They found that adding cognitive remediation therapy (CRT) to treatment programmes for 12 weeks led to an improvement in a wide range of cognitive skills (spanning memory, attention, processing speed, multitasking, verbal fluency, and learning), as well as enhanced well-being. The study was funded by the National Institute of Health Research and has been published in Bipolar Disorders.
Bipolar disorder is a severe and relatively common condition, with many patients also suffering from impaired cognitive skills, such as difficulty concentrating, recalling information, problem-solving and planning. These cognitive impairments can prevent individuals from working, socialising and carrying out everyday chores, even during periods of recovery.
Currently, there is no known treatment for cognitive impairments in patients with bipolar disorder. However, the researchers chose to trial CRT as a potential treatment as it has proved useful in treating cognitive difficulties in people with schizophrenia.
The study used an evidence-based CRT programme called CIRCuiTS (Cognitive Interactive Remediation of Cognition and Thinking Skills), which was pioneered by Professor Dame Til Wykes at the Institute of Psychology, Psychiatry & Neuroscience, King’s College London. The CIRCuiTS programme is partly computerised and partly therapist-guided, and it allows participants to practice multiple cognitive skills closely related to real-life activities that become progressively more difficult.
If CRT reliably enhances cognitive and everyday functioning it could have profound and long-lasting benefits for people who have bipolar disorder. These benefits could even include improving their overall quality of life and perhaps even reducing the risk of relapse into acute illness.– Dr Rebecca Strawbridge, post-doctoral research associate within the Centre for Affective Disorders at the Institute of Psychiatry, Psychology & Neuroscience, King's College London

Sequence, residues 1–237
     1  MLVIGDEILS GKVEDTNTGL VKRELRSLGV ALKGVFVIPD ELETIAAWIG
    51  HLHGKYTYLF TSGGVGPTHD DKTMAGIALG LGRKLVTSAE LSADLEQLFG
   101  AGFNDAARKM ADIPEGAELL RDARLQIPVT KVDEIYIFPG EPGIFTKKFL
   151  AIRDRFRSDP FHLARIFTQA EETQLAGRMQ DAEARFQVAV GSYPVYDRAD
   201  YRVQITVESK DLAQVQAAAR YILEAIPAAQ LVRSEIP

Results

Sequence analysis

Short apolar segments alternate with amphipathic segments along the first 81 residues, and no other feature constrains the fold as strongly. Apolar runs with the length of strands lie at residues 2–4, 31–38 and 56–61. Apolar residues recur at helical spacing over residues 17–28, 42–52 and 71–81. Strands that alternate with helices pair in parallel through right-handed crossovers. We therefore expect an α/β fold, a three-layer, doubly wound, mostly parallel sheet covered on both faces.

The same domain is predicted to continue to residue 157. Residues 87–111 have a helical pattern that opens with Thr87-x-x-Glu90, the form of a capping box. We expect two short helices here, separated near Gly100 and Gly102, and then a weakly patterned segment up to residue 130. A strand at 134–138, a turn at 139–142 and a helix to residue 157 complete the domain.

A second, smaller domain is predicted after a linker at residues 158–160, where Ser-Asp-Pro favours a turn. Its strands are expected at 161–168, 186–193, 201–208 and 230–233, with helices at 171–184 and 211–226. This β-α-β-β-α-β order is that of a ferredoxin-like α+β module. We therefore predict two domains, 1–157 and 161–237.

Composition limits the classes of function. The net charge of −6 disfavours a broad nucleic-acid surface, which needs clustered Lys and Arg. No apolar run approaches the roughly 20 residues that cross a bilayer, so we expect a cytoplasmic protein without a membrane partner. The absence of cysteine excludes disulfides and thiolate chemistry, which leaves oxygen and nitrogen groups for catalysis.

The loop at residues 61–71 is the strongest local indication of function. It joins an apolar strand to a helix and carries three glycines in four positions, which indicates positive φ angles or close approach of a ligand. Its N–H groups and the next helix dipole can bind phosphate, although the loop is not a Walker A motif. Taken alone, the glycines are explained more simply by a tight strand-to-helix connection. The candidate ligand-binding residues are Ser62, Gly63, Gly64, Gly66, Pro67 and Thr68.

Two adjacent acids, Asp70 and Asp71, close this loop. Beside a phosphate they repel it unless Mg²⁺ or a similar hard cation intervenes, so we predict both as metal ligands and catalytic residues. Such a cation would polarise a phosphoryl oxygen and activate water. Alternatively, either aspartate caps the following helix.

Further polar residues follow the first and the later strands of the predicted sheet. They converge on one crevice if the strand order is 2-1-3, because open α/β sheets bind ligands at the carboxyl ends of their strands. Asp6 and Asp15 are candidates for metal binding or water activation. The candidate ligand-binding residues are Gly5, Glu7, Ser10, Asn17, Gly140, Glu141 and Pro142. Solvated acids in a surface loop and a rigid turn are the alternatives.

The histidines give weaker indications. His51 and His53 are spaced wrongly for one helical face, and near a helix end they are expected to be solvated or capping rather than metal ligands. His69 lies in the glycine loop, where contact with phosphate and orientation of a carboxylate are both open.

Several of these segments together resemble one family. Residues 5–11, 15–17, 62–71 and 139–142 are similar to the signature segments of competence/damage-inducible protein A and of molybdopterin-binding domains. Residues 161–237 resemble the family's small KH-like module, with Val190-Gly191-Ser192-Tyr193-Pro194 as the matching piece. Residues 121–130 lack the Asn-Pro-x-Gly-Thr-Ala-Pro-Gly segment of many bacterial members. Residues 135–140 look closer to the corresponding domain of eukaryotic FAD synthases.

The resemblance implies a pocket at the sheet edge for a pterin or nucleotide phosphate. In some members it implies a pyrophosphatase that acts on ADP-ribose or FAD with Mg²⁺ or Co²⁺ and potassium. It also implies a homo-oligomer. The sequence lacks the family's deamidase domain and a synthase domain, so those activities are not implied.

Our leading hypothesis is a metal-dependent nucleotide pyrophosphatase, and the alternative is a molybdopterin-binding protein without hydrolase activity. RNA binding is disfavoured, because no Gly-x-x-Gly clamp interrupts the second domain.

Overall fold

A critical feature of the programme is that it also targeted ‘metacognitive skills’, which is the knowledge of one’s cognitive abilities and strategies that one can use to improve these abilities. This knowledge allowed participants to capitalise on their strengths and develop unique strategies to overcome weaknesses, which they could apply in everyday situations. By the end of the 12 weeks, patients developed a broad range of compensatory strategies, complemented by an improvement in cognitive functioning. Additionally, their well-being improved across a range of measures, including the achievement of their own goals and functioning in everyday life.
This trial was a proof-of-concept study, meaning it is the first randomised-controlled clinical trial to test the benefit of adding CIRCuiTS onto standard treatment for patients with bipolar disorder, as well as assessing the feasibility and practical use of the therapy programme in clinical settings.
CRT has the potential to deliver real benefits to patients and improve functional outcomes. More research is needed to replicate these findings, and we hope that our results are confirmed in larger studies to allow this innovative approach to become more generally available to patients.– Professor Allan Young, Chair of Mood Disorders at King’s College London and the Novel Therapeutics cluster lead for the NIHR Maudsley Biomedical Research Centre (BRC)
The researchers are now planning a larger study, using the CIRCuiTS programme and incorporating additional measures to assess mood stability, the stress hormone cortisol and metacognitive skill development that may contribute to the effectiveness of the therapy in patients with bipolar disorder.
The study was published on the 24 June in Bipolar Disorders.
Professor Allan Young spoke about bipolar, CRT and the CIRCuiTS programme on BBC Radio 4's All in the Mind.
To find out more or to arrange interviews, please contact the Communications team at NIHR Maudsley BRC:
- Alex Booth, Communications and Engagement Manager, NIHR Maudsley Biomedical Research Centre, Tel 020 7848 0495 firstname.lastname@example.org
- Serena Rianjongdee, Communications and Engagement Officer, NIHR Maudsley Biomedical Research Centre, Tel 020 7848 2137 email@example.com
This article was originally published on the NIHR Maudsley BRC website on 29 June 2020.